Jan 24 • 53M

Podcast: The “Cancellation” of Norman Mailer

Alex Shephard on hypothetical censorship

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Norman Mailer being kicked out of boxing match in 1962 (Getty)

In a January 3 post, I expressed skepticism about Michael Wolff’s reporting that Norman Mailer was the victim of cancel culture. Subsequent reporting by Alex Shephard in The New Republic has lent ammunition to my argument that Wolff was conflating the decline of Mailer’s reputation with active censorship and that he was spreading an unfounded narrative that scapegoated junior publishing staffers for the unwillingness of their employers to invest in maintaining Mailer’s literary reputation.

Reading Alex’s piece, it occurred to me that Mailer is one of many examples of a new media genre: the conjectural cancellation, whereby a purely hypothetical story of suppression is put forward as evidence of widespread censorship. This post on Bari Weiss’ substack by Peter Kiefer and Peter Savodnik, for example, claims that Blazing Saddles and Rocky could not be made in today’s Hollywood. A recent Ross Douthat column, for another example, defends Joan Didion from a cancellation her legacy does not face, and in fact was only supposed, imagined, by Douthat for the purposes of defending her against it.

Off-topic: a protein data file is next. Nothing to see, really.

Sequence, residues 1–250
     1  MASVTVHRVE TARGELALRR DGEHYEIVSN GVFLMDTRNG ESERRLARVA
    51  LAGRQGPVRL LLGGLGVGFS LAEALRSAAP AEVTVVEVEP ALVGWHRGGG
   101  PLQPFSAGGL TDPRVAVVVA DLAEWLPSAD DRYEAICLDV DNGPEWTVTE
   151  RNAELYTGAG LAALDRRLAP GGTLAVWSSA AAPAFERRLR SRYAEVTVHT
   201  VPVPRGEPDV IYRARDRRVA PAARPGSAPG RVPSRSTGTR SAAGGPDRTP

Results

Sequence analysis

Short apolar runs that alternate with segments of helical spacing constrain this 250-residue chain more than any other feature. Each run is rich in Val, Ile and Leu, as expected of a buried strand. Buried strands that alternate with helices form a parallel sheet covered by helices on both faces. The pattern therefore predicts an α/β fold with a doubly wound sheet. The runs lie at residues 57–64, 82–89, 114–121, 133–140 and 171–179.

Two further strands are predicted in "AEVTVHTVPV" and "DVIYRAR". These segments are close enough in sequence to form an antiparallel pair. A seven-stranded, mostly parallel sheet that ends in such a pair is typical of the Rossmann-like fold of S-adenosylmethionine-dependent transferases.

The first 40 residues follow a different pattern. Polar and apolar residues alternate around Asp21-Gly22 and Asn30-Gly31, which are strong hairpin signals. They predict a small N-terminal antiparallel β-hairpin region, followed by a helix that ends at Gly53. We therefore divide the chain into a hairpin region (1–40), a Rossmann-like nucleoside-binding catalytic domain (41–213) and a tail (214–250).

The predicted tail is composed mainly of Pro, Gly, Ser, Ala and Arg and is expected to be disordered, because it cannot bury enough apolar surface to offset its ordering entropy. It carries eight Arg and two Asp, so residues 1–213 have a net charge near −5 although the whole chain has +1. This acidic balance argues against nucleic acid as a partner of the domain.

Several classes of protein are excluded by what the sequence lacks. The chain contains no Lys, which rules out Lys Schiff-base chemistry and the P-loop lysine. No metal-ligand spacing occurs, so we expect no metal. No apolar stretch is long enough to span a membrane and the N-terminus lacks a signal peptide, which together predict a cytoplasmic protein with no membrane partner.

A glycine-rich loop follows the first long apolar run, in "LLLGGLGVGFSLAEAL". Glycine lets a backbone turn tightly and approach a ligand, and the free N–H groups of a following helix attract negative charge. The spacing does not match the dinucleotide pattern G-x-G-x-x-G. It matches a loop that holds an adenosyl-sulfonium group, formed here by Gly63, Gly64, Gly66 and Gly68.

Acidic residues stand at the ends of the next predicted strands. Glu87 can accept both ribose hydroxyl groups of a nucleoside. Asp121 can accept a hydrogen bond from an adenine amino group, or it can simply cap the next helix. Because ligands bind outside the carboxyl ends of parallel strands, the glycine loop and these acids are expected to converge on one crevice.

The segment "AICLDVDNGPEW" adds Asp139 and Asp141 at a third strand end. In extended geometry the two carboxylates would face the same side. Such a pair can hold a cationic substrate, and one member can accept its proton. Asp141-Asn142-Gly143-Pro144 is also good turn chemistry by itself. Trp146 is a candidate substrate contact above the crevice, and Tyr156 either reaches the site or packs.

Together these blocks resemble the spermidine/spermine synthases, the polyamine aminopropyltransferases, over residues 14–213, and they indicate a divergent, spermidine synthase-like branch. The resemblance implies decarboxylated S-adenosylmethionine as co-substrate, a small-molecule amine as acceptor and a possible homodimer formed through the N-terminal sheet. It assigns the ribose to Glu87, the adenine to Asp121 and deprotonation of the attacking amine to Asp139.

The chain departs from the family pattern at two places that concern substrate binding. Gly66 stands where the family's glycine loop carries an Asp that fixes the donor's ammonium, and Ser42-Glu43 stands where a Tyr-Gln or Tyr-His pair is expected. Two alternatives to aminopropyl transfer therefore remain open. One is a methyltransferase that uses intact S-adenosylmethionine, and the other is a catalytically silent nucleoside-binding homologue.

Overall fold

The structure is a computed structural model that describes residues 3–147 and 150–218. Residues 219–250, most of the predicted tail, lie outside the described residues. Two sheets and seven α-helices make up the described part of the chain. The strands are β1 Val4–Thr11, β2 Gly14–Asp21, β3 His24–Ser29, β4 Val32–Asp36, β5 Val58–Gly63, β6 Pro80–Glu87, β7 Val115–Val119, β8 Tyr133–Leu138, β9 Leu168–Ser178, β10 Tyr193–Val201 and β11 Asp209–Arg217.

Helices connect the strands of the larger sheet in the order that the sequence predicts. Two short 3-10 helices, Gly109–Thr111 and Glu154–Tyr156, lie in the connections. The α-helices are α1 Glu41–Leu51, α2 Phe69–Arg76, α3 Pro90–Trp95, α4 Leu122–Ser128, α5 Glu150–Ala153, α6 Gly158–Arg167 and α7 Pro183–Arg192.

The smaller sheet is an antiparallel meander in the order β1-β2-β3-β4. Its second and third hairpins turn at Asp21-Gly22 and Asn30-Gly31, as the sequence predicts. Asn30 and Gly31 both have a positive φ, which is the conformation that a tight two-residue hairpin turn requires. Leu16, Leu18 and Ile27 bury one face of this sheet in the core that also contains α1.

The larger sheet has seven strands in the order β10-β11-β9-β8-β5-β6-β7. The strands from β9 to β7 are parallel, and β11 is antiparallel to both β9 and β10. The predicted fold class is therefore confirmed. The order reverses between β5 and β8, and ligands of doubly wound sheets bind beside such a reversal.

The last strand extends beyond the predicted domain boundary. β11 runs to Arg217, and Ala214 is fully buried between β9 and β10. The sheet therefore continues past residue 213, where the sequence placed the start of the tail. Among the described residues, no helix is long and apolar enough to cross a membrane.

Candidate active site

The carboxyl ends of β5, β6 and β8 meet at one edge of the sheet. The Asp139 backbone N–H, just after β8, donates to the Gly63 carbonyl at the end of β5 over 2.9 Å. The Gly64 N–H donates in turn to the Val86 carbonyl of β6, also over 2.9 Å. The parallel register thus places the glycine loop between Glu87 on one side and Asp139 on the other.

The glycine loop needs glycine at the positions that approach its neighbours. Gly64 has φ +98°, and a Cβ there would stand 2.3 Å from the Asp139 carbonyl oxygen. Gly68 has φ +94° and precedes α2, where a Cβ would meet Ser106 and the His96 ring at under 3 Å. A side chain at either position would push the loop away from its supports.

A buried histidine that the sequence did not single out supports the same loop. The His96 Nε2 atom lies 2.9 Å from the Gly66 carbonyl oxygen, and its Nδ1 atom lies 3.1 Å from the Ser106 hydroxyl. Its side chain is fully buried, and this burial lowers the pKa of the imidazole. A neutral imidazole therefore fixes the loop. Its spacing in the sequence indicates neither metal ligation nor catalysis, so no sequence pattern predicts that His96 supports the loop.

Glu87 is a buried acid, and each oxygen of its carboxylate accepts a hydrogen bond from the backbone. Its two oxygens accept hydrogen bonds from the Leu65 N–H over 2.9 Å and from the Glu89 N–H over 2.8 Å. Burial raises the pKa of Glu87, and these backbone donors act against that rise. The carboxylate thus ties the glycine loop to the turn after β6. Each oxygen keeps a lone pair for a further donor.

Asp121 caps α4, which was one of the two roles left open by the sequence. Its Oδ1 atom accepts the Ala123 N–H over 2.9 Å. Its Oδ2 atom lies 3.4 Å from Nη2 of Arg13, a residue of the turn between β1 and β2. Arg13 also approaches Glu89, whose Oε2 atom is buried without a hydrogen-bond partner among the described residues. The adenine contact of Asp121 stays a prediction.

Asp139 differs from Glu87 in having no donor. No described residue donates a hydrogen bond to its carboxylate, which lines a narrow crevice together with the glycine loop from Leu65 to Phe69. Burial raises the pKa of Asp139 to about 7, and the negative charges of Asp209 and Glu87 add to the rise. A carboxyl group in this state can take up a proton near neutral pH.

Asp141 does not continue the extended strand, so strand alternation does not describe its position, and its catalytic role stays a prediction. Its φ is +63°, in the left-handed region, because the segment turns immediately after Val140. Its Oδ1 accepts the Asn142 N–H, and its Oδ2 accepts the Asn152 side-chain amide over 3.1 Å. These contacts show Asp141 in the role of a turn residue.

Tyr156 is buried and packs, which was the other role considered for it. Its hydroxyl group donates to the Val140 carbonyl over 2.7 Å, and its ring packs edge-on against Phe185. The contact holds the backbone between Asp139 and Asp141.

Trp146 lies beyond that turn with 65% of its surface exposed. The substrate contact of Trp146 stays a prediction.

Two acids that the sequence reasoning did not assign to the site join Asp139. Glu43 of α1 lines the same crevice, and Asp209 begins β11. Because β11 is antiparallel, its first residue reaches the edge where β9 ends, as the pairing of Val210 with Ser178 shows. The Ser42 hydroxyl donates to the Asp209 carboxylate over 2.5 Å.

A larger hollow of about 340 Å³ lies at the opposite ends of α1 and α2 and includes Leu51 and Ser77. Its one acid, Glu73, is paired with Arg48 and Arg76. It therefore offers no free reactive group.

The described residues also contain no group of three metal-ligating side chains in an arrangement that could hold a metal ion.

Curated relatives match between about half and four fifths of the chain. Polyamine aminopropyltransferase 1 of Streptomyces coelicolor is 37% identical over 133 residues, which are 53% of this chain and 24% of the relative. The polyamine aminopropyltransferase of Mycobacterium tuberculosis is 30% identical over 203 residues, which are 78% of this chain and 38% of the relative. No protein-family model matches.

Why are some commentators mongering fear of cancellations that have not happened yet? Is it because cancel culture is now a bogeyman, totally without any reference point in reality? And how does this genre of imaginary cancellation hamper our understanding of the real state of culture? For this episode of the podcast, Alex, who covers culture for The New Republic, and I discussed these and other matters. Along the way we take up the issue of what is living and what is dead in the legacy of Norman Mailer.

(Post edited by Emily M. Keeler)

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